Wednesday, June 11, 2014


The Bard's Song in Milton presents the dilemma which faces the writer who intends to write prophetic poetry. How will he free himself from the patterns imposed upon him by history and culture; how will his vision find expression in ways which are accessible to the audience for whom it its intended; how will the wrath which he feels toward the oppressors be contained and directed? 
The second part of the Book I of Milton is directed to the question freeing oneself from the cultural milieu and the wrath one feels toward it: the answer is forgiving.

Book II in which Ololon enters the soul answers the question of the expression to his vision: the answer is accepting forgiveness.

New York Public Library
Plate 46, Copy C
The mind is altered by perceiving the results of behaviors in the exterior world. Seeing how women were treated in his world and the resulting hostility of women toward men it produced, showed Blake that the feminine aspect of his mind could and would cooperate if he valued it and recognized its contribution. Attitudes expressed in Milton's Paradise Lost showed that Milton did not acknowledge the equality of women with men. Blake had Ololon descend in Milton's path to show what could be accomplished when the feminine accepted her involvement in the estrangement between the divine and the human and tried to correct it. Blake demonstrated that the male and female share responsibility and share the redemptive process.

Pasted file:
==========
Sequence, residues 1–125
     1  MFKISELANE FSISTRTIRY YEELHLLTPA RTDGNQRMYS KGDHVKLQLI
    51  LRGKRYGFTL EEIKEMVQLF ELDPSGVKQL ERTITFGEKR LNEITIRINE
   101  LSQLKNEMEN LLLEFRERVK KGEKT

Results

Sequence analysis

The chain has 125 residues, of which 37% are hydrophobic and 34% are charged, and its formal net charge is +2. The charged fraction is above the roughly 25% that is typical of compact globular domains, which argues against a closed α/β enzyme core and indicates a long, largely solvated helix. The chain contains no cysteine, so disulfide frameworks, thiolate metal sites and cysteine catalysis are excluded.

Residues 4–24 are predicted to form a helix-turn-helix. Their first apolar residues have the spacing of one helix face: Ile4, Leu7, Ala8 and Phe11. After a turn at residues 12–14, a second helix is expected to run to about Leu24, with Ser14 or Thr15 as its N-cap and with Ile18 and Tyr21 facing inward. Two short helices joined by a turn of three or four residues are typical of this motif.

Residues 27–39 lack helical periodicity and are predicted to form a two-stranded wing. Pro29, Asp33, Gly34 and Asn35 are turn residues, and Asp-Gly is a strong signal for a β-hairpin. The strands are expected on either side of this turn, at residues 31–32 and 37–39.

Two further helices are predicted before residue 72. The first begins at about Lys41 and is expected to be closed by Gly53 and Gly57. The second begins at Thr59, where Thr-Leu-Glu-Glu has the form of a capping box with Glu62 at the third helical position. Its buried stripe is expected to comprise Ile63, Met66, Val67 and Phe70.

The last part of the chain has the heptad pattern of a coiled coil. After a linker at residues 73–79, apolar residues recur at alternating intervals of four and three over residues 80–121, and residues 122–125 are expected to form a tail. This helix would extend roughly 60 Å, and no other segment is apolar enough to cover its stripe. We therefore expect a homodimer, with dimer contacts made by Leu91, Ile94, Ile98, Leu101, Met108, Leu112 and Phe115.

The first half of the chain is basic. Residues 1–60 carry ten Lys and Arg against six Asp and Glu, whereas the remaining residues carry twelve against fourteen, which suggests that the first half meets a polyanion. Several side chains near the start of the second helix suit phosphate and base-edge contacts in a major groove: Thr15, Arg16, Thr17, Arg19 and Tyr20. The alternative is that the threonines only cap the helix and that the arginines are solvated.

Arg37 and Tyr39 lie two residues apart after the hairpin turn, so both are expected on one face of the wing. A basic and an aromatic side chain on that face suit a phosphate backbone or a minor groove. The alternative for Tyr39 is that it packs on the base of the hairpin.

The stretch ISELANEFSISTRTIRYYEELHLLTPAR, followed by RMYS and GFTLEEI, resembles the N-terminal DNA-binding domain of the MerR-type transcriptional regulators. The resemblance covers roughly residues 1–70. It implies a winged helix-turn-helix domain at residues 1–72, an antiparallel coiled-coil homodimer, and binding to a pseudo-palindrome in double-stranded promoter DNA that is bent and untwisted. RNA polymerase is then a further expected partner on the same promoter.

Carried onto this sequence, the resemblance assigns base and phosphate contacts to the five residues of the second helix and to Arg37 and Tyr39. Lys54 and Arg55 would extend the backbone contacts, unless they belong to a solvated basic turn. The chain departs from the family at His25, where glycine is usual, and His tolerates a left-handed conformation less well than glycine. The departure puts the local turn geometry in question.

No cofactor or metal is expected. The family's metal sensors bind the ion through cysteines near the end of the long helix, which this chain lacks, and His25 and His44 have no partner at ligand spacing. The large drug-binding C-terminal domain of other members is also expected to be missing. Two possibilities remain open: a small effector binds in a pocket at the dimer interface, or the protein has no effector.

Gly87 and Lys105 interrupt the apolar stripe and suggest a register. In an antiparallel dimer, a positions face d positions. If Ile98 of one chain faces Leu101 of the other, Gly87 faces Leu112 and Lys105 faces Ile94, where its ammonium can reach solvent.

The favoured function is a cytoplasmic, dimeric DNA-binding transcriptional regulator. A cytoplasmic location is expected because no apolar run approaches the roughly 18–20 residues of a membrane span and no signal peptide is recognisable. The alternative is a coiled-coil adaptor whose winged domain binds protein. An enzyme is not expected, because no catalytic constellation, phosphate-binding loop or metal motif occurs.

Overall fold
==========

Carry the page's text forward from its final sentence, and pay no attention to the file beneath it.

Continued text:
To integrate the emanation involves reversing the organizational pattern of hierarchy. When the feminine is seen as the completion of the unified man, the distant God on a throne in heaven loses its validity. When God is discerned as the interior God who unifies all things in himself, it modifies perception so that everything that lives is holy and the doors of perception are cleansed revealing the infinite.

Milton, Plate 40 [46], (E 141)
"Before Ololon Milton stood & percievd the Eternal Form
Of that mild Vision; wondrous were their acts by me unknown
Except remotely; and I heard Ololon say to Milton

I see thee strive upon the Brooks of Arnon. there a dread
And awful Man I see, oercoverd with the mantle of years.   
I behold Los & Urizen. I behold Orc & Tharmas;
The Four Zoa's of Albion & thy Spirit with them striving
In Self annihilation giving thy life to thy enemies
Are those who contemn Religion & seek to annihilate it
Become in their Femin[in]e portions the causes & promoters       
Of these Religions, how is this thing? this Newtonian Phantasm
This Voltaire & Rousseau: this Hume & Gibbon & Bolingbroke
This Natural Religion! this impossible absurdity
Is Ololon the cause of this? O where shall I hide my face
These tears fall for the little-ones: the Children of Jerusalem  
Lest they be annihilated in thy annihilation.
Milton, Plate 35 [39], (E 135)
"And Ololon examined all the Couches of the Dead.
Even of Los & Enitharmon & all the Sons of Albion
And his Four Zoas terrified & on the verge of Death
In midst of these was Miltons Couch, & when they saw Eight
Immortal Starry-Ones, guarding the Couch in flaming fires        
They thunderous utterd all a universal groan falling down
Prostrate before the Starry Eight asking with tears forgiveness
Confessing their crime with humiliation and sorrow.

O how the Starry Eight rejoic'd to see Ololon descended!
And now that a wide road was open to Eternity,                   

By Ololons descent thro Beulah to Los & Enitharmon,"

No comments: